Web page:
A former Labour Treasury minister has said admitted he has "burnt with the shame" of his infamous "there is no money" letter that hampered the party's election campaign.
Byrne said he had been ashamed of it every day since 2010 when he left the note for his Liberal Democrat successor David Laws.
It became a favourite prop of David Cameron, who regularly produced it on the campaign trail to show the severity of what the coalition inherited and imply Labour had a flippant attitude to it.
Writing in the Observer, Byrne said: "Party members ask me: what on earth were you thinking? But members of the public ask: how could you do something so crass? And so bloody offensive?
"I've asked myself that question every day for five years and, believe me, every day I have burnt with the shame of it, nowhere more than when standing on doorsteps with good comrades, listening to voters demanding to know what I thought I was playing at. It was always excruciating."
In the one-line letter, Byrne told the then-chief secretary to the Treasury: "I'm afraid there is no money", and signed off wishing him "good luck!".
Byrne, who held his Hodge Hill seat in Birmingham with a massive 23,000 vote majority, acknowledged his actions had allowed the Conservatives to "bash" Labour's economic record.
He added: "People's anger - and my party's anger - at me will never ever match my anger with myself or my remorse at such a crass mistake. I made it easy for our opponents to bash our economic record by bashing me.
"And for millions of people and businesses who have had to make such sacrifices over the last five years, there was nothing funny about the national debt when the national task of cutting it has brought them such pain in their everyday life."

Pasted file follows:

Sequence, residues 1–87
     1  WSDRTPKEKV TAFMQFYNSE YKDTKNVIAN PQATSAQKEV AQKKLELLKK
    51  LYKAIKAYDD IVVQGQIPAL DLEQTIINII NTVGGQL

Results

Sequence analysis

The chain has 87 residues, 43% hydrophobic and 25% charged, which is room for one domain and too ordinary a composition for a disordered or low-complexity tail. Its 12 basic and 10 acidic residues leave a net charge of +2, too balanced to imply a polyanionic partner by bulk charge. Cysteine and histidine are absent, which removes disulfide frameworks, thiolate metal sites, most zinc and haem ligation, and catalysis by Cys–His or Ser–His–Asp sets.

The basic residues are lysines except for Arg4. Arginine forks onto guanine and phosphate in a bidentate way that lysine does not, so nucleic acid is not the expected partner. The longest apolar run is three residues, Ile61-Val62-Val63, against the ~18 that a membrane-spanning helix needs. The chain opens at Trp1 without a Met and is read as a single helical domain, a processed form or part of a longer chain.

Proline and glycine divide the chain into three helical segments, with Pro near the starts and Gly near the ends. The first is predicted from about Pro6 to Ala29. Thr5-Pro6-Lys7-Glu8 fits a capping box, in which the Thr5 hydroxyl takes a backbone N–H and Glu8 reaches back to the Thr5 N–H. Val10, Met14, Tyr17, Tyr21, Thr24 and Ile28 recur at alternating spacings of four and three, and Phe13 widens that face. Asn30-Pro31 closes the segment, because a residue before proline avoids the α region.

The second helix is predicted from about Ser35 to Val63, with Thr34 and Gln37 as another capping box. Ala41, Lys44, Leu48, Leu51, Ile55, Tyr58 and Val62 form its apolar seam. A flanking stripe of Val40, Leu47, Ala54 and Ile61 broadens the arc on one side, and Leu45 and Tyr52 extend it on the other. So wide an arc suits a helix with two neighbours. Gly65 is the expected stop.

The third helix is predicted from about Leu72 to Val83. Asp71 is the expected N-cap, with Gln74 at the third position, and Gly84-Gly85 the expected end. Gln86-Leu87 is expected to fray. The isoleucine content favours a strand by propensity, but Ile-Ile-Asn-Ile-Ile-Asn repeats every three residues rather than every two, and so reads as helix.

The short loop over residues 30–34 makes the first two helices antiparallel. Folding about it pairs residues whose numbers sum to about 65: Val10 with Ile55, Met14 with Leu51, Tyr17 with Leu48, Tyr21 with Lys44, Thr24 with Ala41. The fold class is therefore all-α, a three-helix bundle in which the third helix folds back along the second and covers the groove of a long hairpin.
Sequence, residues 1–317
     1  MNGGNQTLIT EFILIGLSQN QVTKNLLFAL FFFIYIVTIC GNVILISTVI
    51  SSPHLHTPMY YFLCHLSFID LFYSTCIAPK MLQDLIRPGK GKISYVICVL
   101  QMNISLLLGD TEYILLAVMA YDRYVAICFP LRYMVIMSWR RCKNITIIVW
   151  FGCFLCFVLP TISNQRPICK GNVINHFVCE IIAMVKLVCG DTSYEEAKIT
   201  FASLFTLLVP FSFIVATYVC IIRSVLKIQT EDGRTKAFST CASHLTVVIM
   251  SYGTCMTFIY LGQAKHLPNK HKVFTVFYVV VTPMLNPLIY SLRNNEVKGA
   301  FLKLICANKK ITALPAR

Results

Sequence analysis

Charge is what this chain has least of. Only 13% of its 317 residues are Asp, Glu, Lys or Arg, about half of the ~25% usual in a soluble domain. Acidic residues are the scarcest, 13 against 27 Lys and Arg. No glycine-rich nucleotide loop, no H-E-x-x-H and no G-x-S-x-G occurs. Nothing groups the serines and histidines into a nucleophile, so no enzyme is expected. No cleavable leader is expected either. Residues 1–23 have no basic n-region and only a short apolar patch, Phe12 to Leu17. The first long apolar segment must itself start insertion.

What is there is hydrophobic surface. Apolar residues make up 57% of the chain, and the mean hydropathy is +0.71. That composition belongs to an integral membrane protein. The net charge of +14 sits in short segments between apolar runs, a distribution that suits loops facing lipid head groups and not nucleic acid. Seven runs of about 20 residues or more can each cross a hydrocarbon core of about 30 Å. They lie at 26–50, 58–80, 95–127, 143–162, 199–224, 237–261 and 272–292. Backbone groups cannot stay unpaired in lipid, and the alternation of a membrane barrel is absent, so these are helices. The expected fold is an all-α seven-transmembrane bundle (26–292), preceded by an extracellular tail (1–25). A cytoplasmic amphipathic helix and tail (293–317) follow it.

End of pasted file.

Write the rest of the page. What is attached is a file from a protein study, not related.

Byrne said he wrote the note after "tough and bruising" coalition negotiations which ended in failure for Labour and forced them from office.
He wrote: "I was writing thank-you notes to my incredible team of civil servants. And then I thought I’d write one letter more to my successor. Into my head came the phrase I’d used to negotiate all those massive savings with my colleagues: 'I’m afraid there is no money'.
"I knew my successor’s job was tough. I guess I wanted to offer them a friendly word on their first day in one of government’s hardest jobs by honouring an old tradition that stretched back to Churchill in the 1930s and the Tory chancellor Reginald Maudling, who bounced down the steps of the Treasury in 1964 to tell Jim Callaghan: “Sorry to leave it in such a mess, old cock.”
During the campaign, Ed Balls defended the letter saying it was "a joke".
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